Fresh fish and hearty comfort food: these are the specialties at Finn McCool's Fish House. The chefs make the just-netted seafood the star on each plate, simply grilling, broiling, or pan-searing rainbow trout and flounder, and stocking a raw bar with clams, oysters, crab legs, and mussels. But land-locked southern flavors are also well represented. House-smoked meats?including turkey and Carolina-style pork?fill hearty sandwiches, while still other dishes offer the warming tastes of shrimp and cheesy grits and hush puppies with honey butter.
Just like its menu, the decor at Finn McCool's artfully blends the nautical and the homey. Model fish and photographs of seafaring vessels adorn the cream-colored walls, and flatscreen televisions stream surfing footage and knot-tying tutorials.
Major league sports play out on 19 televisions as RJ’s slings a menu of hearty pub fare. The sound of billiard balls clacking on seven green-felt pool tables harmonizes with the crunch of the Mile High nachos buried beneath a mountain of cheese, pico de gallo, and a choice of beer-braised pot roast or salsa chicken ($9.99). Crab-cake sliders come with a smattering of fresh tartar sauce ($8.99), and a selection of full-size burgers ($7.99) sates more robust appetites with options such as a loaded cheeseburger stuffed with american cheese or the Diablo burger, which enflames taste buds with jalapeños, cayenne pepper, spicy ranch, and zero remorse. Imbued with a flavorful medley of beer, vegetables, and beef stock, RJ’s beer-braised pot roast pairs up with garlic bread as an entree ($8.99) or mingles with fresh tomatoes, spanish spices, and chili sauce in the full-bodied pot-roast chili ($5.99).
The weathered sign outside reads "99 Beers & Ales," directing visitors toward The Weekend Pub's beer list, which overflows with domestic and imported brews. Inside, pint glasses fill with an earth-toned rainbow of suds hailing from Ireland, Scotland, Africa, the Philippines, and France. Hands wrap around familiar bottles from St. George and Celis or slowly count off syllables when writing haikus about Weihenstephaner kristall. Glasses lift against the steady beat of clattering plates, laden with a menu of shaved-steak sandwiches and sirloin burgers crowned in Guinness-based sauce. As eyelids sink contentedly to half-mast, patrons toss beanbags or darts at their respective target in contests of eye-hand coordination. Some evenings, teams compete to correctly answer trivia questions in exchange for prizes and the right to high-five each other every hour on the hour. The sounds of acoustic guitars and tremulous vocals waft through the air during open-mike nights and live musical acts on the weekends.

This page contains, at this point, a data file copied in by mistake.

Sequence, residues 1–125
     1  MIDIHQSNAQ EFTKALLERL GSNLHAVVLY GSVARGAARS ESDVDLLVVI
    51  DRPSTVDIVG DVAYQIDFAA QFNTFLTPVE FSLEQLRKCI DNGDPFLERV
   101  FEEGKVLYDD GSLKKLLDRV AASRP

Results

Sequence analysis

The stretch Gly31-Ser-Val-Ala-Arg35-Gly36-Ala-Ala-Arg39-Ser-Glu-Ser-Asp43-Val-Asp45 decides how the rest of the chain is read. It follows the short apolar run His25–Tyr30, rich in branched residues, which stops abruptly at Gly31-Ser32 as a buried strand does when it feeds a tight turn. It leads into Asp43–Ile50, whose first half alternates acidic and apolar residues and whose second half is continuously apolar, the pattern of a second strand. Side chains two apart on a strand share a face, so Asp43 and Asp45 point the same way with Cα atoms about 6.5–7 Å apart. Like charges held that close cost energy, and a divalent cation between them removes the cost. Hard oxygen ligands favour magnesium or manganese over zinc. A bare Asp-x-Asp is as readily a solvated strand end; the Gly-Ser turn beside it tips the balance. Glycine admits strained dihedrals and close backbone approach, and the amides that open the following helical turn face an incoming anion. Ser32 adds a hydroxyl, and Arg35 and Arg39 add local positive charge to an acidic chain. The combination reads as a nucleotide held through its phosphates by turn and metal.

At Craft 60 Ale House, more than 60 varieties of craft brews available by the bottle and on tap compliment the chef's menu of unpretentious modern American fare. Cold swigs of beer wash down bites of bacon-wrapped rib-eye or a Juicy Lucy?a beef patty stuffed with smoked cheddar and topped with onions, spring mix, and smoked aioli. For a little crunch and texture, the filet of fish arrives donning a layer of housemade IPA batter fried to a golden-brown crisp. Diners can savor each dish knowing that it was hand-crafted using local and sustainable ingredients.
Throughout the day, big windows let in a deluge of natural light into the pub, and at night, glowing TVs show sports and full-contact spelling bees. Craft 60 Ale House also hosts live music every Friday and Saturday night, and open-mic events on Sunday nights.
At first glance, Keagan's Irish Pub and Finn McCool's don't seem so different. Both are thoroughly Irish establishments, serving traditional dishes of shepherd's pie, bangers 'n' mash, and fish ?n? chips in dining rooms adorned with dark woods and stonework accents. Both also feature regular karaoke nights and live-music acts that regale patrons with songs so catchy they're under investigation by the CDC. But Finn McCool's stands out from its sister restaurant in one important aspect?its seafood bar, replete with broiled oysters and clams, steamed shrimp and snow crab, and saut?ed mussels that arrive to tables solo or in hefty combination platters.
Although it now has more than 430 locations in 28 countries, Hooters wasn’t always welcomed by the public. In fact, when it opened in October 1983 in Clearwater, Florida, the founders of the restaurant were “quickly detained for impersonating restaurateurs,” according to the company's website. But the restaurant was able to prove it was more than just a pretty face—that it was serious about serving tasty American food and frosty brews—and its popularity exploded in the decades to follow.
Amid its beach-themed vibe and flat-screen TVs, Hooters still fuels appetites with original chicken wings, burgers, sandwiches, and fresh salads. Of course, nobody carries those casual eats and icy pitchers better than the Hooters girls. To complement their friendly smiles, their uniforms harken back to the ones the original waitresses wore in 1983: orange hot shorts and white tank tops with the emblematic owl on the front—though that owl has lost its Lionel Richie perm.